Different tires have different personalities.
It may be hard to imagine that something as mundane as tires can behave in different ways. Most people know that summer tires are stickier than all-season tires, all-season tires provide better grip in cold temperatures than summer tires and winter tires are unbeatable in colder conditions. Digging even deeper, you'll find that depending on things like the type of pavement and weather conditions, the same tire can act in very distinct manners.
But before a tire can corner well, or help with acceleration, or handle precisely, it has one primary job: carry the weight of the vehicle. That is why using the proper tire pressure is so important. A tire that is underinflated or overinflated presents all kinds of problems, such as overheating, premature/uneven wear and poor gas mileage. When underinflated, a tire cannot even perform its primary job. Maintaining and checking tire pressure periodically prolongs tire life and ensures it will perform at its best capabilities.
And it goes beyond a simple visual inspection. An underinflated tire by 10 psi may look exactly like one that's properly inflated. And there's no better way to check tire pressure than using a tire pressure gauge. We sell tire pressure gauges made by Accutire and Intercomp for all needs and budgets. Don't forget to check the pressure when the tires are cold. Pressure fluctuations of 10 psi or more can occur when the tires' temperatures rise.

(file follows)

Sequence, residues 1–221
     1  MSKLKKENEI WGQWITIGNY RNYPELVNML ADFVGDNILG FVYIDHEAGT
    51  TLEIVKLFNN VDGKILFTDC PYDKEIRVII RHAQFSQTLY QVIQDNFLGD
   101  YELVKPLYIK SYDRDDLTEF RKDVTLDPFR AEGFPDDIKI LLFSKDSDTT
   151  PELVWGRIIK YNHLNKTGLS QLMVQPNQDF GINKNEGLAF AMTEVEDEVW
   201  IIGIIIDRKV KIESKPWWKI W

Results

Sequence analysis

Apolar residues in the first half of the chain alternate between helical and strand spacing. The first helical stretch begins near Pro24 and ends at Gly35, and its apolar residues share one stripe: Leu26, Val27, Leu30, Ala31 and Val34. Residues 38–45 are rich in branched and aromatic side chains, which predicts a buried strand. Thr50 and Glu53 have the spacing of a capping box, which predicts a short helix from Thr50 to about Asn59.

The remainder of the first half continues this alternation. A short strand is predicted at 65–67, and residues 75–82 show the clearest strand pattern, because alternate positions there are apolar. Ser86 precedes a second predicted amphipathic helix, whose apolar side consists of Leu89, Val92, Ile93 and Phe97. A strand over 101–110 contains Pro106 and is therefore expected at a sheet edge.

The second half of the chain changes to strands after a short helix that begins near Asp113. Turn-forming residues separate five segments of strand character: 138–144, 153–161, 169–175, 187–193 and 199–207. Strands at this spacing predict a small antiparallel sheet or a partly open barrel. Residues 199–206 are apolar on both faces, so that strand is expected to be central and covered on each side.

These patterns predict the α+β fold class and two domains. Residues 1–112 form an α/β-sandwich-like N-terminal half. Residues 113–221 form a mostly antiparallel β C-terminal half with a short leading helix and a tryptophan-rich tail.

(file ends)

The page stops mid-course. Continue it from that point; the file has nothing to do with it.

For everyday driving, Tire Rack recommends following the tire pressure listed for each specific year, make and model. Most, if not all, modern vehicles come equipped with a placard located on the door jamb showing the vehicle's weight and the proper tire inflation, as well as other useful information. As long as the tire size you are running on your vehicle is compatible with the original equipment tire size, you should always obey the recommended tire pressure -- even if you are increasing or decreasing tire size. Finally, when checking and adjusting tire inflation pressures, the "right" inflation pressures are those provided by the vehicle manufacturer, not the maximum inflation pressure branded on the tire's sidewall. The vehicle manufacturer's pressure recommendation can be found on the vehicle's tire information placard label, as well as in the vehicle owner's manual.